Leave a Reply

Your email address will not be published. Required fields are marked *

New Zealand increases dental grant after 25 years

E-Newsletter

The latest news in dentistry free of charge.

  • This field is for validation purposes and should be left unchanged.
Oral health inequality in New Zealand has been exacerbated by decades of inaction and insufficient funding by consecutive governments. (Image: AsiaTravel/Shutterstock)

WELLINGTON, New Zealand: Oral healthcare campaigners in New Zealand are celebrating an increase in the special needs dental grant and a broadening of the criteria that patients need to meet in order to receive it. The grant had not been increased since the 1990s, despite substantial rises in the cost of living and around 40% of the population not being able to afford a visit to the dentist.

The Ministry of Social Development dental grant more than tripled on 1 December—from NZ$300 to NZ$1,000 (€181 to €605)—and can now be used for immediate and essential dental treatment such as dental restorations and the treatment of gingival infections. Previously, the grant had only been available to patients who were in pain and required emergency treatment, as reported by state broadcaster Radio New Zealand.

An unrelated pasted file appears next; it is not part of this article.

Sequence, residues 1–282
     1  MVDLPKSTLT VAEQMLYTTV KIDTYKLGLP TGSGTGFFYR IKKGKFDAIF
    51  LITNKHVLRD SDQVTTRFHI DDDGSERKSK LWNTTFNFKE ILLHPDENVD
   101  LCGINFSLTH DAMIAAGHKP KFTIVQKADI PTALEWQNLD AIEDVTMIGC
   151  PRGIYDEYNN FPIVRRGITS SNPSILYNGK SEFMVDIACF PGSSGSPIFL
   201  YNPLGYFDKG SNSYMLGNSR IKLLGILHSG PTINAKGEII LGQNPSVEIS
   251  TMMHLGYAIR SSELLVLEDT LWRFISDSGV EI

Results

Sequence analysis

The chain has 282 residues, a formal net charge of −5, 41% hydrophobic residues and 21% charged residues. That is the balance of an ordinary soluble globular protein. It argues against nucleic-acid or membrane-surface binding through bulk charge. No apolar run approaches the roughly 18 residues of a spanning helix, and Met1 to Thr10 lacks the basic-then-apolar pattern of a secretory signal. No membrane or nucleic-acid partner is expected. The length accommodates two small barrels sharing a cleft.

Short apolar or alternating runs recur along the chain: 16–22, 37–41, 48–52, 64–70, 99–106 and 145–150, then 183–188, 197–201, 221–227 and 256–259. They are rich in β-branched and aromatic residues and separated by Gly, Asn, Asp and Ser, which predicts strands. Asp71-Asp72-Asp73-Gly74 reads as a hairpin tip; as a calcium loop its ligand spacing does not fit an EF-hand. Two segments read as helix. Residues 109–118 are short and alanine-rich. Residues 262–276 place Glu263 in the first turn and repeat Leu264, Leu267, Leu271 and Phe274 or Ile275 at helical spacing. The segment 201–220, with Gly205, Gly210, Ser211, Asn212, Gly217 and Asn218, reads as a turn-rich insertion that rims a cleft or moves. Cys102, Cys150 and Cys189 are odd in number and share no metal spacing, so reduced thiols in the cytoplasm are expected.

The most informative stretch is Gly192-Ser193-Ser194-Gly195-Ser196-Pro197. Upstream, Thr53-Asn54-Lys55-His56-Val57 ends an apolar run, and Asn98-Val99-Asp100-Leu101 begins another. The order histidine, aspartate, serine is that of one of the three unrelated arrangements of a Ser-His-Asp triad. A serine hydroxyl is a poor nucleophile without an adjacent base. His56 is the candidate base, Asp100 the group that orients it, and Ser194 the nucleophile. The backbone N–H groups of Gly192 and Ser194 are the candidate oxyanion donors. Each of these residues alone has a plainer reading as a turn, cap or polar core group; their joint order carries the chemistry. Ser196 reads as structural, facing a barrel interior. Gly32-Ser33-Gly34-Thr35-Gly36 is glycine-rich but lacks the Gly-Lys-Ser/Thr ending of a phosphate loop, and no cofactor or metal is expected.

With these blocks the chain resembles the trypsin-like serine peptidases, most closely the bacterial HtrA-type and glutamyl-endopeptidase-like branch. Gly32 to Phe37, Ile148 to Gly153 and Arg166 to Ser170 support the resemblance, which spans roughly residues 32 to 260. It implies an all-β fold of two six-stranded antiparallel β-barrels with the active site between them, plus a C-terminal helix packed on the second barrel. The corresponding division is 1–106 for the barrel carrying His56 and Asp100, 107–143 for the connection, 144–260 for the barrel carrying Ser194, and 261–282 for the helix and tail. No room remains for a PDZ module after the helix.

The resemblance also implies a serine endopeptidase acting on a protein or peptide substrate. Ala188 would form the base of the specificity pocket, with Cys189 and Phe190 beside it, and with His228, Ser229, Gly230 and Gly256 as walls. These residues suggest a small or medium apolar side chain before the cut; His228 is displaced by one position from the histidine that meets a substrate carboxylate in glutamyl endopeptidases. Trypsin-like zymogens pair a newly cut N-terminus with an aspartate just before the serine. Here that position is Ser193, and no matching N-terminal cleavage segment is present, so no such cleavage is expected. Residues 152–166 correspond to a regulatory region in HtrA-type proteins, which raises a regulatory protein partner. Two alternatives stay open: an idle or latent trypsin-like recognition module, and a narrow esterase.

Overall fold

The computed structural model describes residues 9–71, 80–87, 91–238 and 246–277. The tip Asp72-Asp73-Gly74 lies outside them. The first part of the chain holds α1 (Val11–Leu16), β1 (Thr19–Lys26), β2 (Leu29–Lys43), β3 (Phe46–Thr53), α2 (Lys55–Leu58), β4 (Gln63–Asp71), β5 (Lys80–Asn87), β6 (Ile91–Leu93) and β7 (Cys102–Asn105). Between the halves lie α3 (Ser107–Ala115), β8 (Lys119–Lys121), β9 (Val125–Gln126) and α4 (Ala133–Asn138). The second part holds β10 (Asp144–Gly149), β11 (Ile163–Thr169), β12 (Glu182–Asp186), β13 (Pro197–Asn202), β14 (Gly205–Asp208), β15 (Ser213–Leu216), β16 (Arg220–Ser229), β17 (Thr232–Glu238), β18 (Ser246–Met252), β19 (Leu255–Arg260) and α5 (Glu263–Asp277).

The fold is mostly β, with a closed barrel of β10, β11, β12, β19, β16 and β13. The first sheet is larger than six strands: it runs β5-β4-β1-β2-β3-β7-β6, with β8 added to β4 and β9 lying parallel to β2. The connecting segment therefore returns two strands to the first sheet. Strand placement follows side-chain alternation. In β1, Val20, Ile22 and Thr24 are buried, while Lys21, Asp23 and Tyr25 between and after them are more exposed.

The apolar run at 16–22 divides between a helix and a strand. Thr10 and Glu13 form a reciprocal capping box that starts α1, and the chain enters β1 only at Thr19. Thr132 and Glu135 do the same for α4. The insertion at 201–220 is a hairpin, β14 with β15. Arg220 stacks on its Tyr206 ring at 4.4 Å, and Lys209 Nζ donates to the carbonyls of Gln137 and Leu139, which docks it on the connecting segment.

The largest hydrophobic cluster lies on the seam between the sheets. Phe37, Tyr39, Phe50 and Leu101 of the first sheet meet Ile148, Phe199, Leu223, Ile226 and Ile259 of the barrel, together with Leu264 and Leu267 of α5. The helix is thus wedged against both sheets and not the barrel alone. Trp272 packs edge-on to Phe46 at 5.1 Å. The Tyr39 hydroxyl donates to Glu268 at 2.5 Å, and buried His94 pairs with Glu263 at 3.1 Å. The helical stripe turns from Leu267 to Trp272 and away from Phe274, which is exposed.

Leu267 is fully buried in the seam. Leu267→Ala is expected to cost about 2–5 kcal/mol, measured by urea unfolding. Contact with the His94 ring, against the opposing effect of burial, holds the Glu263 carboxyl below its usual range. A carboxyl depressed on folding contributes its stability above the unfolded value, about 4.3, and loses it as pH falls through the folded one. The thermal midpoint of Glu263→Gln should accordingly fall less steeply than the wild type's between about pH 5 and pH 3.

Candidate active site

The increase followed a mid-November report that highlighted stinging inequalities in the accessibility of dental care in New Zealand. According to the Tooth Be Told report, in 2020, 40% of New Zealand adults and half of the Māori and Pasifika population were unable to afford dental treatment. In the same year, New Zealand had the highest unmet need for adult dental care among 11 comparable countries, and around 250,000 adults had teeth extracted owing to dental caries.

According to the New Zealand Dental Association (NZDA), which has long campaigned for greater equality in oral care, the increase constitutes a first step towards improving access to dental treatment for low-income adults. “The NZ$300 limit had not increased for a quarter of a century. The association is pleased that our advocacy for increasing access to dental care for low-income families has succeeded,” NZDA President Dr Erin Collins said in a statement.

Patients do not need to pay back the NZ$1,000 grant, and it can be used to fund a number of dental procedures over a 12-month period. Last year, around 40,000 New Zealand beneficiaries received advanced benefit payments for emergency dental care, and the Ministry of Social Development said that the changes to the grant would enable up to 50,000 adults to meet their dental costs without having to take on debt.

Leave a Reply

Your email address will not be published. Required fields are marked *

advertisement
advertisement